Narcissists: What Not to Do

Hello, hello and thank you for being here!  As we navigate our relationships it is important to accept that involvement with anyone (friend, family member, spouse, acquaintance, etc.) with Narcissistic Personality Disorder (NPD) comes with difficulty.  We can lessen this difficulty greatly by accepting some well-known truths about people with NPD, and adjust OUR lives accordingly.  It is with this in mind that we will discuss “What Not to Do” with the narcissists (narcs) we may have in our lives. How WE adjust our lives is the most important piece here; someone with NPD is highly unlikely to change, so change and adjustments must be made on our side.  Ultimately, it is my hope that eventually (the sooner the better!) none of us have a narcissist in our lives – at all.

“When we expect normalcy from someone with NPD, we lose. We simply MUST adjust our expectations and how we live our lives when involved with a narcissist (narc).  If we don’t we allow further abuse, further torment, with no end in sight. It will be up to us to change, as the individual with NPD is highly unlikely to change – at all.” L.A. Gilliam

Let’s take a look at what NOT to do in your dealings with a narcissist:

  • Do not confront the narcissist about their ‘bad behavior’. One of the hallmark traits of a narcissist is their very inability to admit and take responsibility for their abusive behavior. When we expect a quality, HONEST, and productive conversation about their behavior it is likely WE will be blamed. You may hear statements like, “You make me act that way”, or “If you wouldn’t have _____, then I wouldn’t have ____.”  Our expectation of authentic introspection and honest communication from a narcissist is a lose-lose proposition.  We simply CANNOT expect something out of someone they have no capability to give.  Remember, NPD is a very REAL, documented, researched, and quantified mental disorder.
  • Do not question their lies.  There is absolutely no need to question their lies; see the first bullet point for the reasons this will be unproductive. Someone with NPD lives in LIES, through and through, and many believe those lies as the truth.  This is manipulation, gaslighting (see previous articles), and questioning lies will leave you even more frustrated, angry, and upset.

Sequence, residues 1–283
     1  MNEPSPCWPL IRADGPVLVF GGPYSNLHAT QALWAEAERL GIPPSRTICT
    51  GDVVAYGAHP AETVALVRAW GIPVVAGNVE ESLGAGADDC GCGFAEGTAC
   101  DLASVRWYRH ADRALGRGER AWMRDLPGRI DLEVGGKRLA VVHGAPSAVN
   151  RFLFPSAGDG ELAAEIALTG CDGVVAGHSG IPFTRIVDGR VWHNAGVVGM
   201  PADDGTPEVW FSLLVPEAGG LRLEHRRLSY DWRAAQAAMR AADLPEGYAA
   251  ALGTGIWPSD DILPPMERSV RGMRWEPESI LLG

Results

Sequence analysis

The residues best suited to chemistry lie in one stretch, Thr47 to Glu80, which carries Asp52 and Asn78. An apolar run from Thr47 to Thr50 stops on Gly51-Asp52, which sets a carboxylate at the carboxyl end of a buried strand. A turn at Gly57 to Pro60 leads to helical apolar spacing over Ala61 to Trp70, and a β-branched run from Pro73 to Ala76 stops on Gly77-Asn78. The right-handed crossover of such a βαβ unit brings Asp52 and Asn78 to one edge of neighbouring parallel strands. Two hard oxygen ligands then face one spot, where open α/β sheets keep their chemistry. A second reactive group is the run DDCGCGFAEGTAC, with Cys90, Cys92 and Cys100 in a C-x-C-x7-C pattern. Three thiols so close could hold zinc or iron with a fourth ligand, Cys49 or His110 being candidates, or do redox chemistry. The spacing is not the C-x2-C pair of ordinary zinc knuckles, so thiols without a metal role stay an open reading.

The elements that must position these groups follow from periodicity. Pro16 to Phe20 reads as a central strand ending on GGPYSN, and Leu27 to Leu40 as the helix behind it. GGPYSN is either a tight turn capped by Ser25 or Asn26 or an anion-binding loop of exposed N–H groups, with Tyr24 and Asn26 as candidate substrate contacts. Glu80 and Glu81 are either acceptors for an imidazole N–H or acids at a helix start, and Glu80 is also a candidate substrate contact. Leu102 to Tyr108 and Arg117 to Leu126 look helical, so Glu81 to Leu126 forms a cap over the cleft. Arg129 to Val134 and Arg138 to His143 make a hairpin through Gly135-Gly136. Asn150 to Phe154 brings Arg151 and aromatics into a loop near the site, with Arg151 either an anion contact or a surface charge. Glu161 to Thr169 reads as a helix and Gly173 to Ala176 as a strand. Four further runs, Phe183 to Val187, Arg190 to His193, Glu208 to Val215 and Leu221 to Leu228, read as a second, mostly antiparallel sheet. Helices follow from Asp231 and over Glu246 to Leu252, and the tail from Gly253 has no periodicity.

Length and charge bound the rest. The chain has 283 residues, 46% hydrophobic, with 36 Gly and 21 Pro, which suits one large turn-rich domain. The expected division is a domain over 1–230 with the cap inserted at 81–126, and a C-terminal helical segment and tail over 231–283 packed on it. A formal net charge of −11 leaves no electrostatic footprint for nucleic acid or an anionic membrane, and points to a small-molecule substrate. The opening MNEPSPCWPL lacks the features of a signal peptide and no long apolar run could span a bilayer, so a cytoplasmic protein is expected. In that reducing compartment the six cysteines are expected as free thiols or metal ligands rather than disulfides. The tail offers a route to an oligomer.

• Do not expect their words to be honored; do not expect promises to come true. Someone with NPD is a skilled actor who will say anything to anyone under any circumstances to get their needs met at that moment.  Here’s an example:  When you set a boundary, the narcissist may say something like “I didn’t know that was important to you (never mind that you have explained yourself 1,000,000 times), but now that I know, I will make an effort” – and then – there is NO positive action whatsoever.  A narc will give lip service at any time to get their needs met.  Another example would be in the ‘love bombing’ stage after a breakup.  The narc will promise the world, trips, helicopter rides, a boat, trips (things that were told to me post-breakup), all in an effort to ‘win you back’.  Do NOT fall for these statements; they are only further manipulation to see what it will take for you to acquiesce.  This is lip service ONLY; there will likely be no promise ever fulfilled.
  • Do not expect positive change. By the very definition of NPD and research backs this up, narcs are UNABLE to change in lasting, permanent, positive ways. Oh yes, they can ‘fake’ it temporarily to further their agenda; roping in and keeping the victim in the relationship.  Narcissists have a PERSONALITY DISORDER, not a treatable mood disorder, chemical imbalance, or behavioral challenge. Therapy is just another opportunity for them to ACT; there have been many therapists also tricked and manipulated by a skilled narcissist.  Therapy is widely used with efficacy and effectiveness in serving and supporting many mental disorders; this is simply NOT the case with narcissistic personality disorder. Again, things may change superficially and temporarily; lasting, permanent positive change is highly unlikely.  Any narc able to change permanently in positive ways does not have the personality disorder.  Do not expect permanent positive change.